Idolatry is committed, not merely by setting up false gods, but also by setting up false devils; by making men afraid of war or alcohol, or economic law, when they should be afraid of spiritual corruption and cowardice. — G. K. Chesterton

Story of the Greeks - Helene Guerber




Leonidas at Thermopylae

The Persian army had come to the Pass of Thermopylæ; and Xerxes, seeing that it was guarded by only a few men, sent them a haughty message, bidding them surrender their arms.

Instead of seeing a meek compliance with this request, as they expected, the Persian heralds were amazed to hear Leonidas reply with true laconic brevity, "Come and take them!"

The Spartan king, however, had quickly seen that it would be impossible for him to do much more than stop for a while the advance of this mighty host. As a Spartan never drew back, he made up his mind to die on the field of battle, and bade his warriors comb their hair, don their choicest armor, and dress themselves in their richest attire, as was the custom when some great danger threatened them and they expected to die.

The Persians, seeing this, were greatly surprised, and advanced confidently, for they fancied that men who took so much trouble to curl and perfume their hair would not be hard to conquer. They soon found out their mistake.

As they advanced, the archers shot a volley of arrows, and in such numbers that they fairly darkened the sun. One of the allies, seeing this, ran to warn Leonidas; but he received the startling news with great coolness, and merely said, "Very well; then we can fight in the shade."

When Xerxes saw that the Greeks would not yield without striking a blow, he gave orders for the battle to begin. The Persians pressed forward, under the eye of their king, who sat high up on the rocks to see them conquer; but, to his surprise, they were driven back by that mere handful of men.

Again and again they tried to force the pass, but all their attempts proved vain. The Persian soldiers, amazed at the courage of the Greeks, were filled with superstitious fears, and began to refuse to advance, except when driven onward under the stinging blows of the lash.

The king was furious to see their close ranks give way time after time, and finally ordered his own Immortals to march on and scatter the army, which, although so small, was keeping millions of men at bay. He expected that everything would of course give way at the very first charge of these troops.

Imagine his wrath, therefore, when he saw the Immortals also retreat, after many useless efforts to drive away the enemy. The Persians did not know what to do. They could not advance, and were ashamed to retreat.



Contents

Front Matter
Review

Early Inhabitants of Greece
The Deluge of Ogyges
Founding of Important Cities
Story of Deucalion
Daedalus and Icarus
The Adventures of Jason
Theseus Visits the Labyrinth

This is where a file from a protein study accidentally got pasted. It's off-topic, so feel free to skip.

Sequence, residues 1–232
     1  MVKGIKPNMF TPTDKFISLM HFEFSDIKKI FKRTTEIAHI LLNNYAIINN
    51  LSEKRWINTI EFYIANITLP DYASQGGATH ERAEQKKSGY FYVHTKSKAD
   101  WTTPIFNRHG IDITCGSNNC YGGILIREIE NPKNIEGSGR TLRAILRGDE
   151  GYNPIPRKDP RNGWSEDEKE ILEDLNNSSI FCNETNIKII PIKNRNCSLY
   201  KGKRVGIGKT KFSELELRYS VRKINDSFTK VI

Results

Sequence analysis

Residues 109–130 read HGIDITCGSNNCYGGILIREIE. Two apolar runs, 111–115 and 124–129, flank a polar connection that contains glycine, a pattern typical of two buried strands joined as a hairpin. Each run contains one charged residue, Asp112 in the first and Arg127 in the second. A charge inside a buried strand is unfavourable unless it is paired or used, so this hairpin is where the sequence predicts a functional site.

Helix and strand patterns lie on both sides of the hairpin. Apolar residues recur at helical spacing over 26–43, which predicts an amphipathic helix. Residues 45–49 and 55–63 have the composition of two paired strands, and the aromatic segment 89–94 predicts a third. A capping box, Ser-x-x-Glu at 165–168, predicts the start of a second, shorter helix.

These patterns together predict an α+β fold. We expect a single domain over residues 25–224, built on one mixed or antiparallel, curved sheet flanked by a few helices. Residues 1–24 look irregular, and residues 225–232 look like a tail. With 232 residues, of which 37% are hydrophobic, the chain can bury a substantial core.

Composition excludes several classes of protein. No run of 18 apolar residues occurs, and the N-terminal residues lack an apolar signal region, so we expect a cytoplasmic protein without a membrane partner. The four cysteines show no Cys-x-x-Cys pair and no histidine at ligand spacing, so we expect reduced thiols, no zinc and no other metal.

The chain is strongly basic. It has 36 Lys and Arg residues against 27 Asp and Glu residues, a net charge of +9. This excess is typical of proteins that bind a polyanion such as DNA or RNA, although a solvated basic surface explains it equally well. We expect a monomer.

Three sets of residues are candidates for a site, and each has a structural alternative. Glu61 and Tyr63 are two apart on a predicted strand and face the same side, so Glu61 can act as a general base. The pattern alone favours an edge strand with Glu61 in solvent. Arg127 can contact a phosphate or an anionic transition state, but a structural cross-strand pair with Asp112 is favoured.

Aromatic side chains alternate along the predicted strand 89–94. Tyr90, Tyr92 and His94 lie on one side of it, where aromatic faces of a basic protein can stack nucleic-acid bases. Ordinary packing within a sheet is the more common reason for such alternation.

The Terrible Prophecy
The Sphinx's Riddle
Death of Oedipus
The Brothers' Quarrel
The Taking of Thebes
The Childhood of Paris
Muster of the Troops
Sacrifice of Iphigenia
The Wrath of Achilles
Death of Hector and Achilles
The Burning of Troy
Heroic Death of Codrus
The Blind Poet
The Rise of Sparta
The Spartan Training
The Brave Spartan Boy
Public Tables in Sparta
Laws of Lycurgus
The Messenian War
The Music of Tyrtaeus
Aristomenes' Escape
The Olympic Games
Milo of Croton
The Jealous Athlete
The Girls' Games
The Bloody Laws of Draco
The Laws of Solon
The First Plays
The Tyrant Pisistratus
The Tyrant's Insult
Death of the Conspirators
Hippias Driven out of Athens
The Great King
Hippias Visits Darius
Destruction of the Persian Host
Advance of the Second Host
The Battle of Marathon
Miltiades' Disgrace
Aristides the Just
Two Noble Spartan Youths
The Great Army
Preparations for Defense
Leonidas at Thermopylae
Death of Leonidas
The Burning of Athens
Battles of Salamis and Plataea
The Rebuilding of Athens
Death of Pausanias
Cimon Improves Athens
The Earthquake
The Age of Pericles
Teachings of Anaxagoras
Peloponnesian War Begins
Death of Pericles
The Philosopher Socrates
Socrates' Favorite Pupil
Youth of Alcibiades
Greek Colonies in Italy
Alcibiades in Disgrace
Death of Alcibiades
Overthrow of Thirty Tyrants
Accusation of Socrates
Death of Socrates
The Defeat of Cyrus
Retreat of the Ten Thousand
Agesilaus in Asia
A Strange Interview
The Peace of Antalcidas
The Theban Friends
Thebes Free Once More
The Battle of Leuctra
Death of Pelopidas
The Battle of Mantinea
The Tyrant of Syracuse
Damon and Pythias
The Sword of Damocles
Dion and Dionysius
Civil War in Syracuse
Death of Dion
Philip of Macedon
Philip Begins His Conquests
The Orator Demosthenes
Philip Masters Greece
Birth of Alexander
The Steed Bucephalus
Alexander as King
Alexander and Diogenes
Alexander's Beginning
The Gordian Knot
Alexander's Royal Captives
Alexander at Jerusalem
The African Desert
Death of Darius
Defeat of Porus
Return to Babylon
Death of Alexander
Division of the Realm
Death of Demosthenes
Last of the Athenians
The Colossus of Rhodes
The Battle of Ipsus
Demetrius and the Athenians
The Achaean League
Division in Sparta
Death of Agis
War of the Two Leagues
The Last of the Greeks
Greece a Roman Province